What Do We Mean by 'Catholic Education'?

Stundets from Cristo Rey Jesuit High School in Baltimore talk with Holy Cross Father Timothy Scully from the University of Notre Dame and Cristo Rey teacher Lee Imbriano.

When we speak of Catholic education, we often do so without making important distinctions.

There are Catholic grade schools, high schools, colleges and universities as well as law schools, medical schools and business schools. Each has a different kind of student at a unique time in life and, depending upon the focus of the program or school, a different course of studies. Some Catholic schools are in poor areas in the inner city, while others are in affluent neighborhoods in the suburbs. But these distinctions are rarely noted when we talk about Catholic education. We often speak of "Catholic education" as if it's all the same territory, as if the reality of Catholic education holds a content that can be applied relatively easily across institutions and curricula, and as if everyone involved in the project knows what it means.

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But what does "Catholic education," for example, mean within a context where many (if not most) of the students (and in some cases faculty) lack religious formation, where belief in God cannot be taken for granted? In Porta Fidei, Pope Benedict XVI said:

[W]e must not forget that in our cultural context, very many people, while not claiming to have the gift of faith, are nevertheless sincerely searching for the ultimate meaning and definitive truth of their lives and of the world. This search is an authentic 'preamble' to the faith, because it guides people onto the path that leads to the mystery of God.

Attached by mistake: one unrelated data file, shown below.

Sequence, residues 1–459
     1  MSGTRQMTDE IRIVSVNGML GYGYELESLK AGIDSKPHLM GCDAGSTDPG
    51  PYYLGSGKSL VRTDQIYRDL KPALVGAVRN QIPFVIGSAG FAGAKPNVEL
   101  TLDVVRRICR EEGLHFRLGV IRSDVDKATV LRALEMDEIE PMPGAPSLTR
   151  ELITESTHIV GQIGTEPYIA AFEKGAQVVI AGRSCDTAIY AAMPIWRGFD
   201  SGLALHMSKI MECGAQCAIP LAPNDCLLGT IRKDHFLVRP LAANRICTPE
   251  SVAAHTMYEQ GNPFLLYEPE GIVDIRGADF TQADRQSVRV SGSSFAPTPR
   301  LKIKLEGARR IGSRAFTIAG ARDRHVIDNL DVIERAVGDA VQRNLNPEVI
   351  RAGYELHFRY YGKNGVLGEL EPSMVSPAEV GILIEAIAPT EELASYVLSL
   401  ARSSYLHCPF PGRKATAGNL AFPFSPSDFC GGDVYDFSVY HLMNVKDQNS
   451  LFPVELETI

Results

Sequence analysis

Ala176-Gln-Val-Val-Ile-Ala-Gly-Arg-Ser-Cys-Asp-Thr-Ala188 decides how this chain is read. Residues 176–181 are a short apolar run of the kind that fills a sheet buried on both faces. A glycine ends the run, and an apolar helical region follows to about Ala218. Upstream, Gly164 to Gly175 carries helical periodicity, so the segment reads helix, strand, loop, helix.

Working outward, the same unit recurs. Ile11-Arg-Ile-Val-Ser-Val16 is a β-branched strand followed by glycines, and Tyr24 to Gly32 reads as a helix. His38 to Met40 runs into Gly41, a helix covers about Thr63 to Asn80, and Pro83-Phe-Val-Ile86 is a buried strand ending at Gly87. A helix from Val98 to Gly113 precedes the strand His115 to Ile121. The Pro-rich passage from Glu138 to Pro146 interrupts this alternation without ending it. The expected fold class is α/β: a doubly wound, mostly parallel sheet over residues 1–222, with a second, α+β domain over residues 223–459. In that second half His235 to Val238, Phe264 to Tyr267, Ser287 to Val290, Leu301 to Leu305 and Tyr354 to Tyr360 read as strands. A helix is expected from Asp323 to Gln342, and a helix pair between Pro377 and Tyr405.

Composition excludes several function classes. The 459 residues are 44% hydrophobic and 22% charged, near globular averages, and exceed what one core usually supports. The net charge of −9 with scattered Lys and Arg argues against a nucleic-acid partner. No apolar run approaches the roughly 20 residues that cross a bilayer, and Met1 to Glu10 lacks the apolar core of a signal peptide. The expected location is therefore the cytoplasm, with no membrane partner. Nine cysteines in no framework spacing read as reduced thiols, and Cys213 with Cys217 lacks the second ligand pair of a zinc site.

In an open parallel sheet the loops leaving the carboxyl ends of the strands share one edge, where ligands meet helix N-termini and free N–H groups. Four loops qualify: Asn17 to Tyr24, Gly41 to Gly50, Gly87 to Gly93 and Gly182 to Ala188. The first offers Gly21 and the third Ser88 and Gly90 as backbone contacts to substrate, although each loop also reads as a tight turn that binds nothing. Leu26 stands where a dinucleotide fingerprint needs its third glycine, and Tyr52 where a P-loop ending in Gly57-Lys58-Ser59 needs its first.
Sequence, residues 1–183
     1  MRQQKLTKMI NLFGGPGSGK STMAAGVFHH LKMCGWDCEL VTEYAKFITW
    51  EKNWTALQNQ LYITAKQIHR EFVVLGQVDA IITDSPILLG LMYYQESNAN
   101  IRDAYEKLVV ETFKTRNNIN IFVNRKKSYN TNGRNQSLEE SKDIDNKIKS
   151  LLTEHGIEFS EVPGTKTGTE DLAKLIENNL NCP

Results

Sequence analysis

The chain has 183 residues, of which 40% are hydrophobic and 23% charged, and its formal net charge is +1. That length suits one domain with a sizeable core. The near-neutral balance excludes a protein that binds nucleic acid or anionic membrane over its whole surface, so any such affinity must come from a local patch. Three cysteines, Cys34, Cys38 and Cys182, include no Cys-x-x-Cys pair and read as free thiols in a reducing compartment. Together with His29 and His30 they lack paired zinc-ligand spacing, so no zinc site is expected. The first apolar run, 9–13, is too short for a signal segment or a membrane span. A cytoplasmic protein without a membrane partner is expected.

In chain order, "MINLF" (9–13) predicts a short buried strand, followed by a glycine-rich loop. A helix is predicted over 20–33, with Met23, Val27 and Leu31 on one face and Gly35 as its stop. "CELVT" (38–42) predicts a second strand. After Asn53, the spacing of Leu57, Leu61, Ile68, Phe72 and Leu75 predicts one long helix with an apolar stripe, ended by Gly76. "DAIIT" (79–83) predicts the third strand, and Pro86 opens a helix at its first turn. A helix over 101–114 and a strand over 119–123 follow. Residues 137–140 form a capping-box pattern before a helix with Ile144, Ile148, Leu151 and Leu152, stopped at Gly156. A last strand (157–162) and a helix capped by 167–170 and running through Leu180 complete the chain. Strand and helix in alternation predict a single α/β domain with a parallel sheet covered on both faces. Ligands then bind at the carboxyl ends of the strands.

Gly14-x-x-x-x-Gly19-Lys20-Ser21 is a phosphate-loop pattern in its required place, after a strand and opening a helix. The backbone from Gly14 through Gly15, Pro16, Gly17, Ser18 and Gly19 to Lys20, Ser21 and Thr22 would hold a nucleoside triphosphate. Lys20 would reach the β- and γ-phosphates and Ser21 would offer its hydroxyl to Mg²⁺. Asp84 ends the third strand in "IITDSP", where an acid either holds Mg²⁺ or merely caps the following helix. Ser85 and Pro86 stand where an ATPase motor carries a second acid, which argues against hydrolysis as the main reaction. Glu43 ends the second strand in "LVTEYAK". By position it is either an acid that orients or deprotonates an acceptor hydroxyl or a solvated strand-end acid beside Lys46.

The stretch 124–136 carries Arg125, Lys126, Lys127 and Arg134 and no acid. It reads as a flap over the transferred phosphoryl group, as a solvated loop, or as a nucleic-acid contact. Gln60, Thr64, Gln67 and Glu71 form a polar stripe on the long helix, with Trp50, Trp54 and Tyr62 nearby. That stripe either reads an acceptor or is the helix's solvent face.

How, for example, does Catholic education connect with those in that preliminary space? What are the implications for a course of studies, and for the religious life of the school, when students receive almost no religious formation outside of campus? And how does that compare to an environment where most students possess a strong Catholic foundation, a foundation that gives them familiarity with the central practices of the faith?

What does Catholic education mean for a senior in college relative to a sixth grader? For a law student relative to an MBA student? 

If a first grade teacher, a high school football coach, a law professor, and a medical student—all from different Catholic schools—were asked about the meaning and substance of Catholic education, would they agree? Would they be able to articulate a shared vocabulary, points of consensus and necessary variations? It would be an interesting project, I think, to consider how they would find common ground and what that would teach us about the multidimensionalty of Catholic education and the coherence of framing it as a K-12 enterprise.

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Eugene Palumbo
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